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Ron Paul wins Values Voter Summit straw poll despite skepticism from Family Research Council president

by Christopher A. Guzman, published

Congressman and presidential candidate Ron Paul may have handily won this weekend's Values Voter Summit straw poll over businessman Herman Cain in Washington DC, but that didn't stop the head of the Family Research Council (FRC) from dismissing the victory as not representing the sentiments of social conservatives.

     "I don't think Ron Paul is truly reflective of where values voters stand," said Tony Perkins, president of the Family Research Council, on CNN's "American Morning on Monday."

Without getting into specifics of the congressman's policy stances, Perkins went on to downgrade Paul's recent victory as one that had been organized specifically by his campaign who "bussed in over 600 people not to attend the conference but to hear his speech and vote."

According to Perkins, the Paul campaign had tried to buy blocks of tickets to the open invitation event and were refused. Despite the restriction, he admitted that individual Paul supporters suceeded in buying tickets for themselves and still managed a strong showing. The event this past weekend saw about 3,000 attendees. Only 1,983 voted in the poll.

While Perkins singled Paul out as incompatible with social conservatives, The Hill's coverage shows that Perkins steered clear of criticizing other GOP presidential frontrunners like former Massachusetts Governor Mitt Romney and businessman Herman Cain. Noting that there were differences between evangelicals and Mormons, he said that it wasn't the focus of the Values Voter Summit or the Family Research Council to delineate those differences.  Drawing a small chuckle at one point from the CNN host in his on air interview for seemingly giving more credence to Cain's straw poll finish at 23% than to Paul's victory at 37%, Perkins believed that "there's something to be said about [Mr. Cain's] results in the straw poll."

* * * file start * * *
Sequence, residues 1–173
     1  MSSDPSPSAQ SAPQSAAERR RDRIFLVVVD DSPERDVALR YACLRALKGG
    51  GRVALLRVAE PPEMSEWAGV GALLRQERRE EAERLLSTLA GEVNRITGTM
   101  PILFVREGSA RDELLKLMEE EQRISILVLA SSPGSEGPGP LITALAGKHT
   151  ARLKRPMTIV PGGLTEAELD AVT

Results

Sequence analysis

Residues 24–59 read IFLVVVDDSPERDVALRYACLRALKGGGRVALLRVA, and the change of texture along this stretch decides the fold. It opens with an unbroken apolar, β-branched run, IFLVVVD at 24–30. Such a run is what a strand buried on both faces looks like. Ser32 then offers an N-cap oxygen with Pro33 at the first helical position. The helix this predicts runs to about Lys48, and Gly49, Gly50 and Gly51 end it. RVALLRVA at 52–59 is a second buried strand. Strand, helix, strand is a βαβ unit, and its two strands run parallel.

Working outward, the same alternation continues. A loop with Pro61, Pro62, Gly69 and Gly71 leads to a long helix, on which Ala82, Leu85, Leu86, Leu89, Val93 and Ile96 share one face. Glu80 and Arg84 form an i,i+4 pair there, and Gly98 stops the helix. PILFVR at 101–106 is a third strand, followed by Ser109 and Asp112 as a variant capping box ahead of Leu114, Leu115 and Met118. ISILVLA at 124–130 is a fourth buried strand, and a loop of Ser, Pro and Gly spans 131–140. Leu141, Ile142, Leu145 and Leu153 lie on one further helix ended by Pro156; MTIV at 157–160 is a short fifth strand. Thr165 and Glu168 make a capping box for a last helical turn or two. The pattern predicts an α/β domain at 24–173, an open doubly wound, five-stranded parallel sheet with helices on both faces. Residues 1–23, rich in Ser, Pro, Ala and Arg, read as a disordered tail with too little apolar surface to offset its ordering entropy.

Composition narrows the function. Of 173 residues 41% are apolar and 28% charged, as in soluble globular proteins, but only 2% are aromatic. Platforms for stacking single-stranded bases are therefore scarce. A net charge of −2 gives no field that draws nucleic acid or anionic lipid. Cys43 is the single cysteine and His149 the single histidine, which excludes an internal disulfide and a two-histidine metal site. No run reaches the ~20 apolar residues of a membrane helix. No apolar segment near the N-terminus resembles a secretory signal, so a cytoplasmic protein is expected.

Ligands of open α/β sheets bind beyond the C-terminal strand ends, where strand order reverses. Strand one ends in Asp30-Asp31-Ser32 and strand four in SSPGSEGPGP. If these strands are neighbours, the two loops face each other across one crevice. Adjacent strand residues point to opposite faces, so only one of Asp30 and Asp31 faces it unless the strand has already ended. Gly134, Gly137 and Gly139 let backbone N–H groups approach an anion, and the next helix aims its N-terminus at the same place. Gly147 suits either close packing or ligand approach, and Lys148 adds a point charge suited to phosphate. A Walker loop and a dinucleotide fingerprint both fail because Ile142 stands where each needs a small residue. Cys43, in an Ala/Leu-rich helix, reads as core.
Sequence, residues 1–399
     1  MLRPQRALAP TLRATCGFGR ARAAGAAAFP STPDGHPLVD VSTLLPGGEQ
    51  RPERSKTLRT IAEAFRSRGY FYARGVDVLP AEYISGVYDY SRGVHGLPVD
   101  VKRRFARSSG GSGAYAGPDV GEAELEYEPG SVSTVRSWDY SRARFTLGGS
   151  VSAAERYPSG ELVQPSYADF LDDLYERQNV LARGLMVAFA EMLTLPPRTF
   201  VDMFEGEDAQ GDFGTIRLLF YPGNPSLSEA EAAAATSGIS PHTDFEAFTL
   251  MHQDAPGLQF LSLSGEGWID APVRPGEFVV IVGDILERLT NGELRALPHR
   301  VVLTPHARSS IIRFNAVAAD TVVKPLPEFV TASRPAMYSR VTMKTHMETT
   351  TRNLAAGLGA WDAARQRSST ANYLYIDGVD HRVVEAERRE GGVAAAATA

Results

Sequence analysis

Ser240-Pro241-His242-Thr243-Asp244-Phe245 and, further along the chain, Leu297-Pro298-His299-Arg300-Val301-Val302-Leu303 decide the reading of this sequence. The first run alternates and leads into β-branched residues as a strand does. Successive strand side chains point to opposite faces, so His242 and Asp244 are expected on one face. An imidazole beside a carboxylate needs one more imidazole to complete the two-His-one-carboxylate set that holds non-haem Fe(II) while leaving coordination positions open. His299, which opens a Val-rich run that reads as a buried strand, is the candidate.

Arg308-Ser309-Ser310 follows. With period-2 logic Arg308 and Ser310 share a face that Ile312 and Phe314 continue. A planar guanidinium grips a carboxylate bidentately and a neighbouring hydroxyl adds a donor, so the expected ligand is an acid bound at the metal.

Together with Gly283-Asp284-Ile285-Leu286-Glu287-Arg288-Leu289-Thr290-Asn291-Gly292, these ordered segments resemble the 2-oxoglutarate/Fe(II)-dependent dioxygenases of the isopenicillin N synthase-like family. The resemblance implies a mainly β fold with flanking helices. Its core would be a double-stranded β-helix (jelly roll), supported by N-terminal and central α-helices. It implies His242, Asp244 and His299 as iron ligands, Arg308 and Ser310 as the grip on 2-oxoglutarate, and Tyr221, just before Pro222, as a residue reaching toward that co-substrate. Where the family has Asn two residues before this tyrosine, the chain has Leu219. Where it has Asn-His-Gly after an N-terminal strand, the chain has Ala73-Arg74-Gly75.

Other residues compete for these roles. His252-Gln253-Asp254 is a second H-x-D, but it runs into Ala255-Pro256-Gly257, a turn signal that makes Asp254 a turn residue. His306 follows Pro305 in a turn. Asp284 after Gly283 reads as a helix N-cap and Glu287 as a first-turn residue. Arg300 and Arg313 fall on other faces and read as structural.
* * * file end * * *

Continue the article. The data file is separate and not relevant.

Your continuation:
Paul has been questioned about his stance on legalizing marijauna, cocaine, and prostitution thanks to the topic being raised this past May at a Fox News presidential debate. In a question posed to him on the subject by Chris Wallace, Paul said that he believes he can draw social conservative support based on his defense of personal liberty- namely, that protecting religious and non-religious freedoms go hand in hand with defending freedom as a whole.

On abortion, one issue certainly at the core of the social conservative camp, Paul has come out on the side of the anti-abortion crowd.  He's signed the Susan B. Anthony List Pro-Life Leadership Pledge. The document drafted by the anti-abortion group includes promises to permanently strip all taxpayer funds for abortions in domestic and international spending programs, to defund Planned Parenthood, and to appoint "pro-life appointees" to relevant presidential cabinet positions. Among other anti-abortion measures, the document also includes the promise to appoint judges committed to not legislating from the bench.  And like social conservatives, the congressman has also affirmed his belief in the position that life begins at conception.

Despite dismissing Paul's clear intent of reaching out to social conservatives, Perkins did give credence to the congressman for putting foward a limited government message.

     "And I do say, just like what we see happening on Wall Street and other parts of the country, we should not discount the fact there's a lot of discontent with big ineffective government that's taking place in this country and I think that the Ron Paul campaign reflects that. So, you can't write it off as saying that it's not important. The message that his campaign is sending is something other campaigns have to listen to as well."

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